Like many Jewish newcomers to Leadville, the Poznanski family contributed briefly and stereotypically to the City's bustling merchant heritage. In 1880 there were at least two Poznanskis in town. Bernard ran the Horseshoe Saloon at 205 Harrison Avenue where he also maintained his residence. Louis, Bernard's nephew, worked for him as a barkeeper. A twenty year old bachelor, Louis shared his lodgings at 109 West Chestnut Street with Samuel Arnstein. Since both of the young men had been born in New York (Louis’ father had immigrated from Poland and his mother from England) and reported themselves to the census taker as cigar merchants, it is likely that they had known each other back East and may have been in business together. A third Poznanski, Harris, was in a partnership with Samuel Cohen in the clothing business at 203 Harrison Avenue immediately adjacent to Bernard's saloon. Harris' interest must have been purely financial as he maintained his home in New York City. It seems certain that the three Poznanskis were relatives, Harris being Louis' father and Bernard's brother, and it is possible that Cohen might also have had a family connection. Bernard must have had a good reputation in certain circles as he was nominated, on August 6, to be the vice president of the newly formed Humphrey’s Hose Company. The volunteer fire companies of the era were somewhat prestigious organizations, albeit notorious for their drunkenness, and the vice presidency carried with it the honorary title of “Colonel”.
By 1881, another Poznanski, Ruben, had joined the clan in Leadville. He lived at Humphrey's Hose House (northwest corner of 4th and Poplar Streets), indicating his membership, but his occupation is unknown. Ruben derived a short burst of fame as a consequence of the injuries he acquired fighting an arson at the Coliseum building, a concert hall, on June 20th. In the course of events he was thrown from his ladder by the shock of the hose he was manhandling and “struck the ground with a terrific force, dislocating his shoulder and covering his head his head with cuts. He was led away in an almost fainting condition”. Ruben, and several other injured firefighters, recovered. Humprhey's Hose seems to have been a competent unit, the evidence being its achievements in August at a Colorado Springs tournament where it earned a first place in the "dry test run" and a second in the “wet test race”. The prizes amounted to $150 in gold which must have helped to fuel the reception that the Company received upon its return to Leadville and the Horseshoe Saloon. Bernard had moved his lodgings from the bar to a house at 214 West 7th Street by this time and Louis filled Bernard's bed in back of the saloon and upgraded his position therein from barkeep to clerk.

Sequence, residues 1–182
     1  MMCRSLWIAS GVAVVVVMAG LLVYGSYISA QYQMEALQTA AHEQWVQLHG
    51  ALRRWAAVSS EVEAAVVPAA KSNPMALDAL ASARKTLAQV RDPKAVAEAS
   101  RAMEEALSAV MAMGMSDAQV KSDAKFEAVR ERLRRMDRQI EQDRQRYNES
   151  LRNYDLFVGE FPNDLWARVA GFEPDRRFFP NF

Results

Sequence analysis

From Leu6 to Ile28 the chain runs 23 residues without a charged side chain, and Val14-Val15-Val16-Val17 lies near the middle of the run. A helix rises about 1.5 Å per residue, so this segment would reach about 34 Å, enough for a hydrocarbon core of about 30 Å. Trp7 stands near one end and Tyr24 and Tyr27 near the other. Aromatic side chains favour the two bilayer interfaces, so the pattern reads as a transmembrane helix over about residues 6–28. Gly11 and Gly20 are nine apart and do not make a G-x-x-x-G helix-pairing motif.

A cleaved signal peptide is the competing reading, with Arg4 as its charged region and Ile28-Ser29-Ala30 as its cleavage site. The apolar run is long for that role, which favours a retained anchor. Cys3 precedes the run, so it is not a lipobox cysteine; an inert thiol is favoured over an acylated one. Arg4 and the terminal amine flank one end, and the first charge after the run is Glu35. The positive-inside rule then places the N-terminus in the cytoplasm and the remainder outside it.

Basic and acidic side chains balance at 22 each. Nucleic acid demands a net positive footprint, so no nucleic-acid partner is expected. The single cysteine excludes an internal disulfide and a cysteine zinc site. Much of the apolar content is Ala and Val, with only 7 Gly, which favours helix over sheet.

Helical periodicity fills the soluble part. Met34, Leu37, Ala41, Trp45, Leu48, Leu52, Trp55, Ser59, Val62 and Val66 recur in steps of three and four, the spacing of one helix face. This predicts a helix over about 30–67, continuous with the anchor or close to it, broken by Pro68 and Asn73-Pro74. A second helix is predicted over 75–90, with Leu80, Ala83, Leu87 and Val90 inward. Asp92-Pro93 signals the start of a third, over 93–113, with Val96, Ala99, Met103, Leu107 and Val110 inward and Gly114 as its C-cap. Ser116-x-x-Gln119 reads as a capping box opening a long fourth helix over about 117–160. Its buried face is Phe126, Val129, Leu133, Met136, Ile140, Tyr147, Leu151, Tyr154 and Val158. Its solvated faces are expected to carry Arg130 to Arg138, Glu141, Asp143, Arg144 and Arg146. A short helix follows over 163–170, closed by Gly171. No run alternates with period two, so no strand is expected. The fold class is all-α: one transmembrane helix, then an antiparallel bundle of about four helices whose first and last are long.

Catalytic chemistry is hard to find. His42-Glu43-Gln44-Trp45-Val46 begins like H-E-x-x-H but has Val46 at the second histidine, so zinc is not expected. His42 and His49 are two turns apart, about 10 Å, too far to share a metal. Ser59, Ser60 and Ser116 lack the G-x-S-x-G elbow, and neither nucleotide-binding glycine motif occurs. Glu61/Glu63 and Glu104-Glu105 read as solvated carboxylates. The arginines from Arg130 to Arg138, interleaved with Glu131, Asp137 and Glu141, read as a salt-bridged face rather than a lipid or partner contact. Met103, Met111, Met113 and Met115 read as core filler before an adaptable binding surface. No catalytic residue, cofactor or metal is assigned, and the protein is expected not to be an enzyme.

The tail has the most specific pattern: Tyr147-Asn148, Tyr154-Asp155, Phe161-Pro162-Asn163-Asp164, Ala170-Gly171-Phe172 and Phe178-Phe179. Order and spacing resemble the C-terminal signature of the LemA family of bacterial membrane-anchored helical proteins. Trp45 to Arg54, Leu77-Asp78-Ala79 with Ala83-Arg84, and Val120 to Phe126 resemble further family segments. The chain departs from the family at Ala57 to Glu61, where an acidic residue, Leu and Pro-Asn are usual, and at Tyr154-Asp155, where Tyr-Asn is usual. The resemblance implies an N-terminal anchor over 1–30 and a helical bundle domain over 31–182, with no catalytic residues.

The next year revealed an interesting change as the city directory has Bernard in the clothing business at the saloon's old address and no listing for Harris. It appears that the clothing business devolved upon Bernard and he moved it next door replacing the saloon. Louis remained as clerk and lodger, but only until July 3rd when he died in a most spectacular fashion. As part of the celebrations, Battery B (of the Colorado National Guard?) hauled its new six pounder to the top of Capital Hill at the head of Harrison Avenue and two salutes were fired under the command of Lieutenant W. K. Smith. Then, despite the strident warnings of the Lieutenant, several members of the battery overstuffed the cannon for the third and final salute. The resulting explosion cost Louis, only six feet distant, his life. Louis was buried in the Hebrew Cemetery, (Block B, Lot 4, Grave 2). The Leadville Weekly Herald noted that “He was formerly a member of the Humphrey hose and an active member of the battery. He was universally admired and his death will be sadly mourned by many.” Another Poznanski, a one month old child also named Louis, “infant son of Mr. Poznanski of Buena Vista”, had passed the preceding April 1st and is likewise interred in the Cemetery (Block B, Lot 5, Grave 3).
1883 was the last year that a Poznanski is found in the city directory with only Bernard mentioned. Still in the clothing business at 205 Harrison Avenue, he had moved to a different home at 214 East 3rd Street in a neighborhood of lesser stature than West 7th.
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